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Memory optimization

Posted on 2002-07-18
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Last Modified: 2010-04-01
This may seem like an "obvious" or "beginner" question, but I've had no formal training in C++ programming, and I can't find any good information about this particular topic.

I create two classes, ie:  A Person class and a Car Class.
Each person will own two cars.
The car class will have a very small number of member variables (2 or 3), but a large number of functions (20 or 30).
There will be a large number of Person classes created at one time during the program, so there will be twice as many car classes created (2 for each person).

My question is:  How can I determine the memory footprint (not necessarily exactly, but generally) that is going to be taken up by each car class.  If it is going to be heavy because of all the functions, I want to find a different way of going about the whole process.
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Question by:dirtdart
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jkr earned 200 total points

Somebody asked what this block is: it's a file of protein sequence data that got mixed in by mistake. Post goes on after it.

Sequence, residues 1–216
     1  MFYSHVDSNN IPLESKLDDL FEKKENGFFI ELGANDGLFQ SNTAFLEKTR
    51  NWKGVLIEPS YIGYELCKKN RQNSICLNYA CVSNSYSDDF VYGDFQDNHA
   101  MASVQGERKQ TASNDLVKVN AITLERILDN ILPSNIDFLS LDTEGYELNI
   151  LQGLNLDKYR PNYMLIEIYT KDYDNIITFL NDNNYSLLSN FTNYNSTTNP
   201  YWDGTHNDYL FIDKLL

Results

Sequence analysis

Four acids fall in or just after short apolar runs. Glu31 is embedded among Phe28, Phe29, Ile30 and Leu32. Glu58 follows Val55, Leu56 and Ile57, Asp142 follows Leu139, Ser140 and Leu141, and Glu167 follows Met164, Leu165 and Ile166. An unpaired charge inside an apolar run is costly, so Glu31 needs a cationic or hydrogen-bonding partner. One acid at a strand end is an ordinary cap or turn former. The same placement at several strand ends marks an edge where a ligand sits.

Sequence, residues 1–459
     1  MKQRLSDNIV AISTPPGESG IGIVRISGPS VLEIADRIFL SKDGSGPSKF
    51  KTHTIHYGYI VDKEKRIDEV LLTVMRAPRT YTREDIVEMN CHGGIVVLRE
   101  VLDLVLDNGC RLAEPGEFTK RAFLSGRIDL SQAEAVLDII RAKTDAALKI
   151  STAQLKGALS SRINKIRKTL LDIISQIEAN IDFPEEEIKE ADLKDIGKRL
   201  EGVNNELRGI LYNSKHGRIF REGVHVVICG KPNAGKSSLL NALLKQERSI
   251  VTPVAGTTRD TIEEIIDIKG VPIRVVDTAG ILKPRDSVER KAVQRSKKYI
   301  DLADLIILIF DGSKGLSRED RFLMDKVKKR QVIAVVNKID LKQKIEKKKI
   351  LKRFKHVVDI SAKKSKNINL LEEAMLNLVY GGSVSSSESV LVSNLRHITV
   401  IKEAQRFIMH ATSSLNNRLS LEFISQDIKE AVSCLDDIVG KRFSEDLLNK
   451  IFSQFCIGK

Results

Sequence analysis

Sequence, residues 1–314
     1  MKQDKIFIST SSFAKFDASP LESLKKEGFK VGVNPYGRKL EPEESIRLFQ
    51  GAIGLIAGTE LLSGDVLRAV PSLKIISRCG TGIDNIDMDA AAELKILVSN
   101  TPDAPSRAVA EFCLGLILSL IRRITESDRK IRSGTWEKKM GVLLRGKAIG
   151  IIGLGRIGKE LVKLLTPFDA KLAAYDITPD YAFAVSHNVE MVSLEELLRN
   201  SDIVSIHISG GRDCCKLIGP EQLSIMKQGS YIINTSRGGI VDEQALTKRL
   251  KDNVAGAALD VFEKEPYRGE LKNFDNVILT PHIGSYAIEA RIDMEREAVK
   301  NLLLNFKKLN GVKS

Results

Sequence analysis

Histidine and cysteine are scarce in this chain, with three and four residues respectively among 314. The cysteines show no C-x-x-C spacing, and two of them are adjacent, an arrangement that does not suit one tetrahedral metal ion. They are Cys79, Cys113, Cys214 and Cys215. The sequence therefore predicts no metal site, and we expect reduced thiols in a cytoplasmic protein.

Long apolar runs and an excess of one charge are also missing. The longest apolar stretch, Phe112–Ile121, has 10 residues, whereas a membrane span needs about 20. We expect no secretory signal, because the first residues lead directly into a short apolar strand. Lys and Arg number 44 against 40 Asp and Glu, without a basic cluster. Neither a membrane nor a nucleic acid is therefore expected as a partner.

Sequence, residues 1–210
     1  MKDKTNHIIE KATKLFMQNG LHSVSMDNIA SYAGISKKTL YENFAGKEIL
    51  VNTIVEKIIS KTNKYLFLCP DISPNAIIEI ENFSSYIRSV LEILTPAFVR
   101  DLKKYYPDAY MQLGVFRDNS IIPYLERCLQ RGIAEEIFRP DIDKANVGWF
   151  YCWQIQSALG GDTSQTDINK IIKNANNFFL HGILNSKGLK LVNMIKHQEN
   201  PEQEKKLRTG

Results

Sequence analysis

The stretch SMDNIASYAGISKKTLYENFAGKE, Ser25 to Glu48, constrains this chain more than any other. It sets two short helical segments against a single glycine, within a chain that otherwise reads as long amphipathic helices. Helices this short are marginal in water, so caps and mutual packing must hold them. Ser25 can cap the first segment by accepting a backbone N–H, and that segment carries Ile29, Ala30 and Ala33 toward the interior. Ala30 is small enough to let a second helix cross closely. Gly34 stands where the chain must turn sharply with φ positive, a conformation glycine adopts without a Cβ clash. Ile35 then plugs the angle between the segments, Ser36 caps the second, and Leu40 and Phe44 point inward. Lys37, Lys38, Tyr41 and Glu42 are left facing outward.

ID: 7163331
The functions (or better: methods) actuallydon't really contribute to the size, as they are stored only once. The "memory footprint" pretty much is determined by the data (member variables) that are stored. To find out about that, use

size_t sz = sizeof ( <datatype>);

The 'sizeof()' operator returns the size, in bytes, of any datatype or class.
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by:dirtdart
ID: 7163336
Well that was quick and painless!  And believe it or not, exactly what I wanted to hear.  I was afraid that the methods would dramatically increase the size of the class, and in this case a large class taking up a lot of memory would be totally unacceptable.

Thanks
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LVL 5

Author Comment

by:dirtdart
ID: 7163337
Well that was quick and painless!  And believe it or not, exactly what I wanted to hear.  I was afraid that the methods would dramatically increase the size of the class, and in this case a large class taking up a lot of memory would be totally unacceptable.

Thanks
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